An Observer’s Notes On The 2015 Elections In Cross River (READ)

An Observer’s Notes On The 2015 Elections In Cross River (READ)

By Opinions | The Trent on May 30, 2015
governorship, Osun, Rerun, Adeleke, INEC
File: Elections on-going in Nigeria

by Russel Crowe

This piece is a summary of my Report as an independent expatriate election Observer embedded with the ‘International Coalition of Election Monitors (ICEM)’, an amalgam of observer/monitor groups based in Western Europe and the United States. I was accredited to the governorship and legislative elections held in April 2015 in Cross River State, Nigeria. My role as an Observer comprised mainly of collating the reports of the affiliated staff-observers detailed to the field in the various wards and local government areas of the Cross River.

It was also within my brief to compare the field reports of my team members with that of the other unrelated observer teams, wherever and whenever possible; and finally reporting to my principals in Abuja and abroad. Having given this background, let me then proceed below to tell the rest of the story what happened in Cross River.

First, the reports from the Central Senatorial zone: In this zone, the elections were conducted, the votes counted and finally collated. The ward and LGA teams returned no report of voter intimidation, ballot snatching, compromising of officials, or otherwise any other incident of rigging.

The lone exception was in a few isolated enclaves where some elements said to be loyal to Labour Party (LP) and its guber candidate, Fidelis Ugbo, tried to snatch some result sheets but were quickly overpowered on the spot by crack security personnel. It ended there and then and ultimately turned out not to have negatively affected the election in any way. In the end, my field team returned a zero incident report and held the election in the zone to be free and fair.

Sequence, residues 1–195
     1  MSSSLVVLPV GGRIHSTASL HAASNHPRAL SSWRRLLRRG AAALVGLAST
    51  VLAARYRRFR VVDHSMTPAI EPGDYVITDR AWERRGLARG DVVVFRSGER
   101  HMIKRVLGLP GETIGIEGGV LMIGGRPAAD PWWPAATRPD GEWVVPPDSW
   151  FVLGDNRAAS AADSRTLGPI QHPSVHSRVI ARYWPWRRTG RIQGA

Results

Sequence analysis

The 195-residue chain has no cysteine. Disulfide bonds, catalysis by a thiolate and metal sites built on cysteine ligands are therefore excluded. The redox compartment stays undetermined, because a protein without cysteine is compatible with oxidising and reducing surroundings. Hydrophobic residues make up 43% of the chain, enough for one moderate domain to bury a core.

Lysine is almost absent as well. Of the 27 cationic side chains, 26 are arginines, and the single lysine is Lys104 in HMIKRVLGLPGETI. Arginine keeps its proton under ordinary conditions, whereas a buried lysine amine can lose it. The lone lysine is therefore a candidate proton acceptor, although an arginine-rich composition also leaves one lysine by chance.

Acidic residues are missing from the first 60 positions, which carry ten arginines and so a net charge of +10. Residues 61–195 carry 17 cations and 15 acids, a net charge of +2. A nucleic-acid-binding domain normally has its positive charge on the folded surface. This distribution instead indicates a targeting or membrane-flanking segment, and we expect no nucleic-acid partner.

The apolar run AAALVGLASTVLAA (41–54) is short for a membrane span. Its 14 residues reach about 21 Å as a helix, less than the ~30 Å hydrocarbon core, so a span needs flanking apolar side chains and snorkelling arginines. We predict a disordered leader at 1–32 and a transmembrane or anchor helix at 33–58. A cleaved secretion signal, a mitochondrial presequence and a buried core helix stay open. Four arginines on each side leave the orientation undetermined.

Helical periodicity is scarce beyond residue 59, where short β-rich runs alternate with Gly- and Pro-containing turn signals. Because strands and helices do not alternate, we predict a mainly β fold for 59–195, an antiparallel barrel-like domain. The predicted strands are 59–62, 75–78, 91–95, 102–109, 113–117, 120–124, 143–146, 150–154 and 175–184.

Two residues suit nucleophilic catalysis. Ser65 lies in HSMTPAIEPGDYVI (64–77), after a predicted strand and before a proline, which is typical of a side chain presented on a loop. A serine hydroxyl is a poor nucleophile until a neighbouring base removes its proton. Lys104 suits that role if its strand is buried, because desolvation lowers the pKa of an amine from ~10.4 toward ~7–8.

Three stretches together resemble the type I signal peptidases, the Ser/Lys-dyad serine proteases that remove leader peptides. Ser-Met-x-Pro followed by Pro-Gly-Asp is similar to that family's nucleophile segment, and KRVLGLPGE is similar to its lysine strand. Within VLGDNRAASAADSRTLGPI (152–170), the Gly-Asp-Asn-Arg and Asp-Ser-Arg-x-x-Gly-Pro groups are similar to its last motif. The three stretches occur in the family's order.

Second, in the Northern senatorial zone, there was a bit of an initial apprehension on the part of my field team, stemming from some disturbing reports of cross-movement of rank Labour Party faithfuls from the other senatorial zones. When I sought to know why, I was told that there was some looming plan to boost LP votes in that zone in order to dilute the PDP voter-base.

Deciding that this report is credible, I proceeded to relay it to security officials on hand, and then to my principals in Abuja and overseas. Then, with a baited breath, I tarried to await the field reports of the actual balloting to come in. In the end, I was relieved that whatever was plotted didn’t happen as my team turned in their reports. I might add that PDP won in this zone as it also won handily in the Central zone; and here again, the polls were credible, free and fair.

Third, In Calabar South, the contest was tough and tense in several places. While the supporters of the APC governorship candidate and some legislative aspirants generally behaved themselves, same cannot be said of that of LP, represented by Fidelis Ugbo. There was this palpable feeling that Mr. Ugbo appears to be edging his supporters to violence or some fracas as he continued to raise allegations of rigging against the PDP and INEC even as the elections were yet to commence.

When I asked why he was so upset, I was told that Mr. Ugbo has a ‘personal beef’ with the former governor, Liyel Imoke, who he blames for failing to pick the PDP ticket. I said to myself that it’s none of my business but I still decided to be vigilant to trouble as I readied my team for its field assignments in the zone. Eventually, the polls held, and the field reports came in. Altogether, It was typical of the other two senatorial zones, except in two local government areas where security personnel arrested some thugs alleged to be close to the same Fidelis Ugbo, the LP guber candidate. Despite this, my team returned a report indicating that the polls ran satisfactorily, freely and fairly.

Finally, as my modus demands, I made my rounds from one location to the other in Calabar to cross-check and compare my team’s reports with that of the other monitoring/observer teams. I found that ours tallied with theirs in material particulars. On that basis, I proceeded to prepare what I later captioned: ‘My final verdict on the 2015 Cross River governorship and legislative election’. My verdict: The elections were free, fair and credible. I am happy for the people of Cross River State, Nigeria and all those committed to free and fair elections anywhere in the world.

Russel A. Crowe can be emailed at [email protected]


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